Hypothermia may be managed by external warming, but the accompanying vasodilatation may precipitate hypotension. Hypotension requires careful infusion of dextrose saline solutions and vasopressors if required. A search for other causes of hypotension like sepsis, myocardial infarction, pericardial effusion, and occult bleeding should be initiated. In a setting of concomitant adrenal insufficiency, hydrocortisone supplementation is also required for correction of hypotension.
Hypocortisolemia may be due to primary or secondary adrenal insufficiency. The clinical features of myxedema crisis and cortisol deficiency may overlap. Hyperpigmentation, hyperkalemia, hypercalcemia, and previous history of on and off steroid use must be sought. Thyroid hormone replacement may increase cortisol clearance and may aggravate cortisol deficiency. If the facilities for HPA axis evaluation are not available on an emergency basis, steroid therapy may start and a formal evaluation of axis is done at a later date when patient is stable. Intravenous hydrocortisone is preferred at a rate of 50 mg every 6 hours.
It cannot be overemphasized that the precipitating factors require urgent attention with antibiotics in case of infection, hemodialysis for associated renal failure, and comprehensive care of multiorgan dysfunction.
7. Thyroid Hormone Therapy
Thyroid hormone therapy is the backbone of treatment of patients with myxedema crisis. The main considerations with thyroid hormone replacement are the absorption and distribution of administered hormone preparation, the onset of action and efficacy of the preparation, and finally the safety. At present, oral and intravenous T4 and T3 are used. The major considerations are the dose, route of administration, and frequency of administration.
T4 therapy provides a steady, smooth, and slow onset of action with relatively few adverse events. In many countries, T3 may not be available, but T4 is easily available at hand. T4 therapy avoids major peaks and troughs in body, and values of serum T4 may be easy to interpret . However, T3 is the active hormone in the body, and in a setting of severe illness there may be a decreased conversion of T4 to T3 . Parenteral T4 may be used at a dose of 300–500 g as bolus to saturate the body pool. The usual protocol then is to continue T4 at a dose of 50–100 g daily. There are enough studies that have used a large bolus dose of T4 as described earlier, and they demonstrate good results [45, 46]. T4 concentrations rise acutely to levels above normal and slowly gets converted to T3 .
Oral administration of T4 through Ryles tube has proved to be equally effective with a drawback that gastric atony may prevent absorption and put the patient at risk for aspiration. Dutta and colleagues compared 500 g of oral loading dose of T4 with 150 g of maintenance dose orally and 200 g of T4 intravenously followed by 100 g T4 intravenously until they regained their vital functions and were able to take oral medications in patients with myxedema crisis and did not find any difference in outcome among the patients .
Advantages of using T3 include a rapid onset of action, an earlier beneficial effect on neuropsychiatric symptoms, and significant clinical improvement within 24 hours. T3 may be given at a dose of 10 to 20 g, followed by 10 g every 4 hours for the first 24 hours and then 10 g every 6 hours for 1 or 2 days till the patient is alert enough to continue therapy through oral route. Measurable increases in body temperature and oxygen consumption occur within 2 to 3 hours after intravenous administration of T3 but may take 8 to 14 hours or longer after intravenous administration of T4 [1, 47]. However, poor availability of T3, fluctuations in serum levels of T3, and adverse cardiac effects may limit the use of T3. Yamamoto et al. reported that doses of LT4 more than 500 g per day and LT3 more than 75 g/day were associated with increased mortality .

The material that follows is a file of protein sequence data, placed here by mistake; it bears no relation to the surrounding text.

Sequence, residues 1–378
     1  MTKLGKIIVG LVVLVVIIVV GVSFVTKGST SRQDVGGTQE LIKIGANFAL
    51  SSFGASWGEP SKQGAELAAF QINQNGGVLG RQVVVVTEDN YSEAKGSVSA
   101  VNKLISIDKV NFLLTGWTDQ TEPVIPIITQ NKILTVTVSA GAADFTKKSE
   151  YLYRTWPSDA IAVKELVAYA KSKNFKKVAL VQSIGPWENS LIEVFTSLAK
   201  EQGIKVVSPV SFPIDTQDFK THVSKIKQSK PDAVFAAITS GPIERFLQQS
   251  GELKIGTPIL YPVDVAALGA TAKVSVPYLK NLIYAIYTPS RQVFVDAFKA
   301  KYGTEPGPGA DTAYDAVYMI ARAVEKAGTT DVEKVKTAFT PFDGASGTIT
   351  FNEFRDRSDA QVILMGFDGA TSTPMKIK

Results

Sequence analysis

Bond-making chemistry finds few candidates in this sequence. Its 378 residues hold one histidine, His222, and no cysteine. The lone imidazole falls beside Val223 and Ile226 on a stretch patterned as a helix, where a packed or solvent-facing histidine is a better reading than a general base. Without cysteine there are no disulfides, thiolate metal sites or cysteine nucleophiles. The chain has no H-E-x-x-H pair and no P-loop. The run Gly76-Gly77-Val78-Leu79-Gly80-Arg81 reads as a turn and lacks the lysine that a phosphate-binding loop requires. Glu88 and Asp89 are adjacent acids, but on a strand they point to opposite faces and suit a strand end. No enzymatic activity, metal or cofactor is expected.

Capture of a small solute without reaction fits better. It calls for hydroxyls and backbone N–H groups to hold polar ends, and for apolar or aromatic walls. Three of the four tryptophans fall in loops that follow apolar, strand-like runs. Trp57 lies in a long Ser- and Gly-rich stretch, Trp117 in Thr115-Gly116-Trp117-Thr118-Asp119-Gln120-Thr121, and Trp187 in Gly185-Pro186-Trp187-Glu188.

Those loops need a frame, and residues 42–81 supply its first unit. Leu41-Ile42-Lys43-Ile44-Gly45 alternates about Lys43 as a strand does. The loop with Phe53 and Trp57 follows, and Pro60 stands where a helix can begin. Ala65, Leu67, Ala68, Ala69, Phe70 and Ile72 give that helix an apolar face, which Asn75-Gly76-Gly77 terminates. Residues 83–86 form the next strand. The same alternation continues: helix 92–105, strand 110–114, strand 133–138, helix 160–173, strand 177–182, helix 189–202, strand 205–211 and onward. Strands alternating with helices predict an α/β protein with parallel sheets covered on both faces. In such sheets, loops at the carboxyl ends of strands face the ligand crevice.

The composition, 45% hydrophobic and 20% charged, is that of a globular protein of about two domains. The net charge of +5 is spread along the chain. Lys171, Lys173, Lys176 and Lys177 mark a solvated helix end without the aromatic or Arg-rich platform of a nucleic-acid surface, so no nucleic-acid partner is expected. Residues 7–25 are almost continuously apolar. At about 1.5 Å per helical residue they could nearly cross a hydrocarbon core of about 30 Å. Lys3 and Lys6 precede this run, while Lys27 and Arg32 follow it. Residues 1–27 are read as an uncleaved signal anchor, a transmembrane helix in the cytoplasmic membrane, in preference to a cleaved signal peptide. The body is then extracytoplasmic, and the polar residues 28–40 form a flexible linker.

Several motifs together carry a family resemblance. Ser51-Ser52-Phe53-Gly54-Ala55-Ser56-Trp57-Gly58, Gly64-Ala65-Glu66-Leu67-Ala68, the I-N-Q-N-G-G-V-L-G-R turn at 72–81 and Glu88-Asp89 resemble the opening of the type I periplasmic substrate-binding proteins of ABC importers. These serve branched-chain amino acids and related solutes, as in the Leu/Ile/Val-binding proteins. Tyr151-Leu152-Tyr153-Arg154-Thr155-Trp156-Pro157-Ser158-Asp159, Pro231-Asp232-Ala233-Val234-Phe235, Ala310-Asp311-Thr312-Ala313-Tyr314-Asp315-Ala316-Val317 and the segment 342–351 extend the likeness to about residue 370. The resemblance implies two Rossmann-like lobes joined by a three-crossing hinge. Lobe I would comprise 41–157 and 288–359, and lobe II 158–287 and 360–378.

Combined therapy of T4 and T3 may also prove to be useful. T4 may be initiated at a dose of 4 g/kg of lean body weight, followed by 100 g 24 hours later and then 50 g daily intravenously or orally. T3 may also be started simultaneously with T4 at a dose of 10 g iv, and the same dose is given every 8 to 12 hours until the patient can take maintenance oral doses of T4 .
8. Factors Predicting the Mortality in Myxedema Crisis
Dutta and colleagues looked at the predictors of outcome in myxedema crisis and found that hypotension, bradycardia at presentation, need for mechanical ventilation, hypothermia unresponsive to treatment, sepsis, intake of sedative drugs, lower GCS, and high APACHE II scores were significant predictors of mortality. Sequential organ failure assessment (SOFA) score was more effective than other predictive models. Baseline and day 3 SOFA scores of more than 6 were highly predictive of poor outcome. They also demonstrated that treatment defaulters presented early to the hospital and had more severe manifestations than de novo patients .
Rodríguez and colleagues showed that those patients with coma at the time of presentation, low Glasgow coma scale scores, and higher APACHE II scores had considerably poor outcome . Studies have also shown that higher doses of T3 are associated with increased mortality, and lower doses of T3 and T4 may be associated with favorable prognosis [3, 47, 48]. Other factors associated with mortality include advanced age and cardiovascular disease [1, 3].